Naoki Murai writes:

It is well known that the health of adults differs from country to country. For example, about 50% of deaths in developing countries are caused by communicable disease such as tuberculosis and respiratory infections, whereas about 75% of deaths in developed countries are caused by noncommunicable diseases such as heart disease and stroke, that is, deaths caused mainly from diseases related to lifestyle. But ther are some common diseases in both the developing and the developed countries. One such disease is diabetes mellitus, which is a growing public health problem in both developed and developing countries. A recent WHO expert group estimated that more than 100 million people will suffer from diabetes by the end of this century. Most of them by non-insulin dependent (NIDDM) form. Many people think that diabetes is caused by taking a high-calorie diet to excess. But still the lack of proper nutrition leading to state of starvation can also cause diabetes. Both of these cases of diabetes (that is, diabetes caused either by high-calorie intake or starvation) induce high amounts of blood glucose.

Diabetes and many other diseases not only claim the lives of patients, but also causes economic problems. For instance, the direct and indirect costs of malaria are estimated in Africa alone as US $1.8 billion by 1995. Some recent estimates put the cost of diabetes in the USA alone, both direct and indirect, at US $92 billion a year. For the developing countries, this cost interrupts the economic development of the country and together with other factors will be one reason for the lag of stabilization of medical conditions.

For the developed countries, diesease will lead to the rise of medical costs. And it will give raise to another serious problem, the problem of medical insurance. Even in developed countries, ability to obtain medical care differs between the insured and uninsured person. According to Health Care Financing review (1992), population of the uninsured people (excuding people who obtain Medicare; 13%) reaches to about 15% of the total US population. And even worse, ability to obtain medical care varies across communities for the uninsured. According to Analysis of the 1996-1997 Community Tracking Study Household Survey (a nationally representative sample of the US civilian), differences between communities with the highest percentage of uninsured persons reporting difficulty obtaining care and communities with the lowest percentage were more than 2-fold (40% vs 18%). Now one can see that in addition to where they live, whether people are uninsured is an important factor in determining the difficulty they have in obtaining care.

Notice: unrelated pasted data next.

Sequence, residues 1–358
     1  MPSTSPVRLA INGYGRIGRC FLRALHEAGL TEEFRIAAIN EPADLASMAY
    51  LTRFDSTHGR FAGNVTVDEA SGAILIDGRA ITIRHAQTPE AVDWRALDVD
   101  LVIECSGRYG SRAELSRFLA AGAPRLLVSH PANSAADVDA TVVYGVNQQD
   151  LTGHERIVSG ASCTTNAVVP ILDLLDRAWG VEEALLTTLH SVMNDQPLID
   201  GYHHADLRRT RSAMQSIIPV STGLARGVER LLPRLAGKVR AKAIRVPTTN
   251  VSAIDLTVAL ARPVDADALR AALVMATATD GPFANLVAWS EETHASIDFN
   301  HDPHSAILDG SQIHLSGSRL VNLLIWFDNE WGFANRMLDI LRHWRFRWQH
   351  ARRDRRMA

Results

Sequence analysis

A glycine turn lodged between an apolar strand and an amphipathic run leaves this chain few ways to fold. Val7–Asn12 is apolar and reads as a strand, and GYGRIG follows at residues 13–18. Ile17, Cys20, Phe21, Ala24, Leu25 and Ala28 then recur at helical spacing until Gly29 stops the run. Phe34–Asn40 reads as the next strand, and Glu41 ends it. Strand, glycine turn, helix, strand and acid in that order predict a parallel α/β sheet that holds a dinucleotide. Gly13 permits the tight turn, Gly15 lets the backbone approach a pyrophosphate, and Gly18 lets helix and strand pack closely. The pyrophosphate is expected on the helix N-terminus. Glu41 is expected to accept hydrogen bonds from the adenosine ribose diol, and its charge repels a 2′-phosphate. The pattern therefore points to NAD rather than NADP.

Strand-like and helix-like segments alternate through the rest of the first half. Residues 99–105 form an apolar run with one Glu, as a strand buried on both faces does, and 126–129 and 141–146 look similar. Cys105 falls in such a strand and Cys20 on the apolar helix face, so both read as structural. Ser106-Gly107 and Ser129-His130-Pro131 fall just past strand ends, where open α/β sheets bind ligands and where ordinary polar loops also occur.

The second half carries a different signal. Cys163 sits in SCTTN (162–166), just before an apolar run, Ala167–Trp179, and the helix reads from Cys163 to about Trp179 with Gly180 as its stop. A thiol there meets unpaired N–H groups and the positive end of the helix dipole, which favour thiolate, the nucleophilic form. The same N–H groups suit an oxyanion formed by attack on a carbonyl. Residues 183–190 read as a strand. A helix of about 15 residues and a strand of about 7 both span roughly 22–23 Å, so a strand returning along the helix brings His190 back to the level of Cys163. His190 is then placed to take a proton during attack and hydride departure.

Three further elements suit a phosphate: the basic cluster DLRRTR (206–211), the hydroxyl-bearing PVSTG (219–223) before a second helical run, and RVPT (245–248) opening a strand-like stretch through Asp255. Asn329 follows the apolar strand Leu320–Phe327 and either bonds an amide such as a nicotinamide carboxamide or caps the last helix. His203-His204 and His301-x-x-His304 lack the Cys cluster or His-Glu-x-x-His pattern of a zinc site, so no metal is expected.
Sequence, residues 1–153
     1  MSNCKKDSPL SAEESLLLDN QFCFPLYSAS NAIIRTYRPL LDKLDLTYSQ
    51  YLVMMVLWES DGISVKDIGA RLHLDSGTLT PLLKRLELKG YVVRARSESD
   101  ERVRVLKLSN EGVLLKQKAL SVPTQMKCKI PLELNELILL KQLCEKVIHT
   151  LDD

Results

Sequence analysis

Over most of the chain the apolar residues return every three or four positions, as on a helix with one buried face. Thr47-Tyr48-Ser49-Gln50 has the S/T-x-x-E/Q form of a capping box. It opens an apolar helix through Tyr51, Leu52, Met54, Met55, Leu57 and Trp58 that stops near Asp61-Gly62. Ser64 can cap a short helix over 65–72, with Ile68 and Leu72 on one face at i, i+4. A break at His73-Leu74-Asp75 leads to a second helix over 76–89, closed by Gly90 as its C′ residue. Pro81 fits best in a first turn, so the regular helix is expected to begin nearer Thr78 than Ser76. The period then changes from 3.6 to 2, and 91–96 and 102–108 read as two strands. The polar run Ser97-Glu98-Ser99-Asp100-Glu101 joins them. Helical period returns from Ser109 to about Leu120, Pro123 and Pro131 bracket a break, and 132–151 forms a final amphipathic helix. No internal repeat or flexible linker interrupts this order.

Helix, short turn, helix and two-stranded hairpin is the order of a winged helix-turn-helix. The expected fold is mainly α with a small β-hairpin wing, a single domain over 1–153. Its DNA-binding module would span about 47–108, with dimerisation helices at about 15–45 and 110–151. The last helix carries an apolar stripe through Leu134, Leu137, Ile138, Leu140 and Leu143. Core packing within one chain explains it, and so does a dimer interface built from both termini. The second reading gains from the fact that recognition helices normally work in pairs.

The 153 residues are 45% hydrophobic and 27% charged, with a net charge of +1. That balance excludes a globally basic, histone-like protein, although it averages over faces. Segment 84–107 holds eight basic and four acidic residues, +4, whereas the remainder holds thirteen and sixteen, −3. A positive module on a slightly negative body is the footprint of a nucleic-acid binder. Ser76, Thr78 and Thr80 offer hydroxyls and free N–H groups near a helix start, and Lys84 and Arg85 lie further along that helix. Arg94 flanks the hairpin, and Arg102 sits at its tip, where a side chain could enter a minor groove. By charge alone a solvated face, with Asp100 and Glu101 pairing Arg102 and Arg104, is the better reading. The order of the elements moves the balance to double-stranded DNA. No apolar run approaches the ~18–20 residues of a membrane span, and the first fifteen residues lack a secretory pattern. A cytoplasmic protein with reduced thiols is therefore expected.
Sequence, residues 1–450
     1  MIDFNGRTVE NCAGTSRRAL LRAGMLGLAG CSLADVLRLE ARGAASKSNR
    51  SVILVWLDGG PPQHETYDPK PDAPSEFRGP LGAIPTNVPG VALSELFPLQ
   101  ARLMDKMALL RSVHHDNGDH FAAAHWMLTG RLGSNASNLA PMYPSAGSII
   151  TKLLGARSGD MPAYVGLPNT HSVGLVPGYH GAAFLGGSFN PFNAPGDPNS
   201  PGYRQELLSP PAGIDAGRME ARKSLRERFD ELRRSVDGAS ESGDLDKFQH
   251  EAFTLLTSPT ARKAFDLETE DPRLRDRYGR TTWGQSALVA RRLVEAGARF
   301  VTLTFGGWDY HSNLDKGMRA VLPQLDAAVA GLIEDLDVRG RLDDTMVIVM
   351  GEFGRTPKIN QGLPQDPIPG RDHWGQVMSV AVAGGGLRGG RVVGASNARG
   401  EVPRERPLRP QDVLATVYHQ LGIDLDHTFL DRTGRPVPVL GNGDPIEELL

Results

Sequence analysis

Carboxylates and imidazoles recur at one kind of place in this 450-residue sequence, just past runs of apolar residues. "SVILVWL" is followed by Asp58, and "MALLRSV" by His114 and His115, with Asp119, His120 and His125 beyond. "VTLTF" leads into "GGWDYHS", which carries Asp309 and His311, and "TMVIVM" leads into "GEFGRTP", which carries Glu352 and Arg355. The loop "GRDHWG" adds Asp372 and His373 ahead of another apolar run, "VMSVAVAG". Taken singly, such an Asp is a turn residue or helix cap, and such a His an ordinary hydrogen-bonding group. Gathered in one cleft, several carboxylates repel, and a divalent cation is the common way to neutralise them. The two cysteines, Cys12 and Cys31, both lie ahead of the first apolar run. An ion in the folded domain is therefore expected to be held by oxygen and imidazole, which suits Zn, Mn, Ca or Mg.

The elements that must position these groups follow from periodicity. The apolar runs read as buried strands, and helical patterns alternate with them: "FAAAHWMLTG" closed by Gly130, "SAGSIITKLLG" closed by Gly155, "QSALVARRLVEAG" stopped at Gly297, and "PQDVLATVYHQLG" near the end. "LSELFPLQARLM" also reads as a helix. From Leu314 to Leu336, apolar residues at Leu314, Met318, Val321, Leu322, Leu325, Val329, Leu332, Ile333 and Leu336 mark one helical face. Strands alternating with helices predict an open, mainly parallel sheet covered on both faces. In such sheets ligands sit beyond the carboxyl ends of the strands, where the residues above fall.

Many attempts are made to address these health problems, but how effectively? Here is an example of one attempt to reduce smoking. John P. Pierce and his coworker examined trends in smoking before, during, and after the California Tabacco Control Program. According to their examination, per capita cigarette consumption declined about 50% faster in California in the early period than previously, and the decline was significantly greater in California than in the rest of the US. But they concluded that the initial effect of the program to reduce smoking in California did not persist. There is another attempt against health problem something like the Diabetes Awareness Campaign. The National (US) Diabetes Education Program (NDEP) recently launched an educational campaign with the message that aggressive and preventive measures and medical treatment will delay or even forestall diabetes-related morbidity and mortality.

As seen in the California Tabacco Control Program, not only launching initiatives but also persisting in them is also important for solving health problems. Although we Japanese tend to depend on government, at least as members of the medical community, some of us might at first enlighten ourselves. Most of all, we must recongnize the serious situation all the world and attempt to achieve some global view. Although we tend to consider helping only the developing countries, it might be neccesary to consider those countries that on the surface seem to be healthy, including even our own country. The problem is not easy, because it entails not just medical problems but also political, social, environmental and cultural problems, which together make the question of hoe best to tackle these problems much more complicated. As medical students, we can attend several kinds of symposiums or meetings related to health problems to obtain some knowledge about health problems we are now facing. We can also join in a signature collecting campaign to support grass-root movements.

Discussing the problem at the governmental level, temporal financial support is not enough for solving the variety of adult health problems, such as diabetes, malaria, and so forth. Besides this financial support, manpower is thought to be required. Vaccines may help some kind of infectious diseases, but other ways like instructing people in some medical technologies are more practical and therefore better in solving problems for the long term. Building medical service branches and providing medical staffs will help greatly, also. Applying pressure to the government by way of a grass-roots movement to increase medical budgets to address worldwide health crises may also be needed.

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